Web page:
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Watch Part 2
The science of nurturing and its impact on premature babies
One of the great medical advances in recent years is the treatment and care of premature babies. Despite that, these tiny infants born before full term are still at higher risk for a range of problems down the road.
Correspondent William Brangham and producer Jason Kane bring us the first of two stories about a study under way that's testing whether the simplest human interactions can make a big difference in these children's lives.
Most moms don't have to travel 25 miles every morning to see their newborn baby. But for Kate Ilie, there's an hour-long commute … frantic calls …
I would rather just meet in the unit, if we're allowed to.
… Manhattan gridlock. All to do the one thing she most desperately wants: to be with her baby girl Caroline.
MARY MCKIERNAN, Nurture Specialist:
All right, Caroline, so we are going to reconnect with Mommy now.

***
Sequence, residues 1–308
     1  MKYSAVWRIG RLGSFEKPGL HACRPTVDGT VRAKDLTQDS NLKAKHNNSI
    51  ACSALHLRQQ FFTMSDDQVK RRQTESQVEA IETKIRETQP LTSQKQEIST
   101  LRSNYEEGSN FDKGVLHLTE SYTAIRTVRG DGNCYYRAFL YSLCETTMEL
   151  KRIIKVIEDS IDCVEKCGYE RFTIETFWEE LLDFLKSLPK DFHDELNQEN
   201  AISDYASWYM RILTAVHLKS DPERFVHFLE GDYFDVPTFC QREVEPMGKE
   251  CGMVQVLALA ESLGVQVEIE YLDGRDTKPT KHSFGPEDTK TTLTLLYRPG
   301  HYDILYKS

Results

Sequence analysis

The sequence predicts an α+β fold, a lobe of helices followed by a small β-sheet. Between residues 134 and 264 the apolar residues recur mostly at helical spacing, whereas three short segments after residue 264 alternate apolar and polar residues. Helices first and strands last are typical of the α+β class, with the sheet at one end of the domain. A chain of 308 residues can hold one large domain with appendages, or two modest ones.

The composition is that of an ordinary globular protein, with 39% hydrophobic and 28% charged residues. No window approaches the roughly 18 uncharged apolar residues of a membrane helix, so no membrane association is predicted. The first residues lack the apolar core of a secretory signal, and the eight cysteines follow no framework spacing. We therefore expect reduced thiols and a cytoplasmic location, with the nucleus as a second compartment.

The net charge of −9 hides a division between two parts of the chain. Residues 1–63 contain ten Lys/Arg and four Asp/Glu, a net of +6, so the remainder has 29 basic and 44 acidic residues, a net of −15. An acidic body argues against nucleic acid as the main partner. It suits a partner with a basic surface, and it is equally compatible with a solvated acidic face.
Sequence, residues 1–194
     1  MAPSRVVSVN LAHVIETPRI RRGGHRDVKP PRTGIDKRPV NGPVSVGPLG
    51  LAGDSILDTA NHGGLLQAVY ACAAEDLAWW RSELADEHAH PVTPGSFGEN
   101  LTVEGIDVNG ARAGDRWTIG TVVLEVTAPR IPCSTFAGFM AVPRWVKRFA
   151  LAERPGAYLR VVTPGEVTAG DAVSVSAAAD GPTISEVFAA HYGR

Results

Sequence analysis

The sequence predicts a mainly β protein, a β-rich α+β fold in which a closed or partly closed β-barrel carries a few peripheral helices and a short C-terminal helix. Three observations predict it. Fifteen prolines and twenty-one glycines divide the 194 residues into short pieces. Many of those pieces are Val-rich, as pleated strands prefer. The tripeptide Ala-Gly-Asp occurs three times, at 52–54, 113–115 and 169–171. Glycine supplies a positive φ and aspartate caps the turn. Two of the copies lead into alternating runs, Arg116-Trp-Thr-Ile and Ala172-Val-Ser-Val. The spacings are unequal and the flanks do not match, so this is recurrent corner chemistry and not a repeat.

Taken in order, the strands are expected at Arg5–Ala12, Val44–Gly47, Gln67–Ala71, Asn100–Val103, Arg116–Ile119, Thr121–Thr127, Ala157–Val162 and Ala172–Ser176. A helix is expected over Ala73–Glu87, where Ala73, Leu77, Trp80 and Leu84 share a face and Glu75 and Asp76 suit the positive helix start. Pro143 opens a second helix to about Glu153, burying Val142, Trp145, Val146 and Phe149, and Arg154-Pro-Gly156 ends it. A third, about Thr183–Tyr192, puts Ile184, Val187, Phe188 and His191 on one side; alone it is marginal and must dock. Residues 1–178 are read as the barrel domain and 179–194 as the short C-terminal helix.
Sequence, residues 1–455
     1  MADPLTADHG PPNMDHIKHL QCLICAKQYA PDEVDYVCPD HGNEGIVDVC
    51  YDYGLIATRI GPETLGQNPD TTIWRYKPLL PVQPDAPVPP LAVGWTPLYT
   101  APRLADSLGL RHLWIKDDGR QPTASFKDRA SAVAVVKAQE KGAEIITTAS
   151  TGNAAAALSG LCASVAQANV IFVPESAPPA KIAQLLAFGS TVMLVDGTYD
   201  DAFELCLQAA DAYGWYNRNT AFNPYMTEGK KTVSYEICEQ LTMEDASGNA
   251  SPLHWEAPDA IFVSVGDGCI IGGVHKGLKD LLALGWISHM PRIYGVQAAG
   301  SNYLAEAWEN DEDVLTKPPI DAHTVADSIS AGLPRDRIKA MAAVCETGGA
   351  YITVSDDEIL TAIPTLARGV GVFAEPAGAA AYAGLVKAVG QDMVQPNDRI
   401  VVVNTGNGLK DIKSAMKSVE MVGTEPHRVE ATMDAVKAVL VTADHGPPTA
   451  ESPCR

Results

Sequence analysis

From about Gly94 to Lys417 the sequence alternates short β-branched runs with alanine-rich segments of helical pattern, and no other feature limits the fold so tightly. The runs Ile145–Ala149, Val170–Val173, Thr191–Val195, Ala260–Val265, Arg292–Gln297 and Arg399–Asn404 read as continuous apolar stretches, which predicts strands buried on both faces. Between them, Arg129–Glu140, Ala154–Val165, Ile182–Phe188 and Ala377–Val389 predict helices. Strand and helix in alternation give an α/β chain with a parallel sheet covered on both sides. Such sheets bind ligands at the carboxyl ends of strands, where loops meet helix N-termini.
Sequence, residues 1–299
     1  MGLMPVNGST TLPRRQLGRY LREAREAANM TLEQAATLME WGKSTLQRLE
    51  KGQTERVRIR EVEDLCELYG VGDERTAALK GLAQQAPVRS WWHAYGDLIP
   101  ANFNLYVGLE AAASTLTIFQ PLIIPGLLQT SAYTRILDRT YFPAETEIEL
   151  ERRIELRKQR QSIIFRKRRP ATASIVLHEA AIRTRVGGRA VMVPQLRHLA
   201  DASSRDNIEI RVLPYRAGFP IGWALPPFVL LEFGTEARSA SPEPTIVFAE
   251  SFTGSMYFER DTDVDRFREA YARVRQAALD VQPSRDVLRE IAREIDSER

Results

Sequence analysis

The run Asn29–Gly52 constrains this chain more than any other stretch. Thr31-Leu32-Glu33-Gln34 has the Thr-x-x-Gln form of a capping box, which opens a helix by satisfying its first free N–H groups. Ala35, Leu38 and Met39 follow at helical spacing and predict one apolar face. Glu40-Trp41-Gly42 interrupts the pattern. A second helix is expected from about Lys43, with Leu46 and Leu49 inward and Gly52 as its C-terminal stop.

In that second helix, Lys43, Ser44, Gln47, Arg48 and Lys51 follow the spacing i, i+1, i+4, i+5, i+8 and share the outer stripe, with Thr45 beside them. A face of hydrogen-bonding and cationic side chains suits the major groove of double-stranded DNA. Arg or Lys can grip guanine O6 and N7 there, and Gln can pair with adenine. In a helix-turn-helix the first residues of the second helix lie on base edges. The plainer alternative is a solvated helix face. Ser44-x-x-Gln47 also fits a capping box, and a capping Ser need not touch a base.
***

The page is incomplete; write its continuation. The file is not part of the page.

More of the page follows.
But, as you can see, Caroline had a rough path into the world. Born 13 weeks too soon, she's had to live here, in Morgan Stanley Children's hospital, for months.
OK, now we're going to go skin-to-skin.
Kate and baby Caroline are part of an ongoing research effort out of Columbia University Medical Center and NewYork-Presbyterian examining whether the most basic nurturing techniques, like this quiet moment, can help heal the traumas of premature birth.
The more you do this, the more you reinforce that connection.
It took us a little while, but we're doing it now.
DR. MARTHA WELCH, Director, Columbia University’s Nurture Science Program:
You are calming me, and I am calming you, and then the two crave being together, and it's self-perpetuating.
This intervention is the brainchild of Dr. Martha Welch. She says that, while much of this seems like the standard care offered to premature babies and their parents, here, the focus is 100 percent on strengthening the emotional connection between mother and child.
DR. MARTHA WELCH:
It's not cerebral. It's visceral. It's gut feelings. And they're beginning to set this pattern of calming each other.
It seems so basic.
For the last few months, we have been following several moms and their premature babies through this process.
Neonatal intensive care units give these children a better shot at survival now than at any other time in history. In the early '90s, a child born as early as 23 or 24 weeks was unlikely to survive. Now they routinely do.
But, despite that, leaving the womb so early still puts these kids at high risk for emotional, behavioral and developmental challenges. This intervention is meant to help minimize those impacts.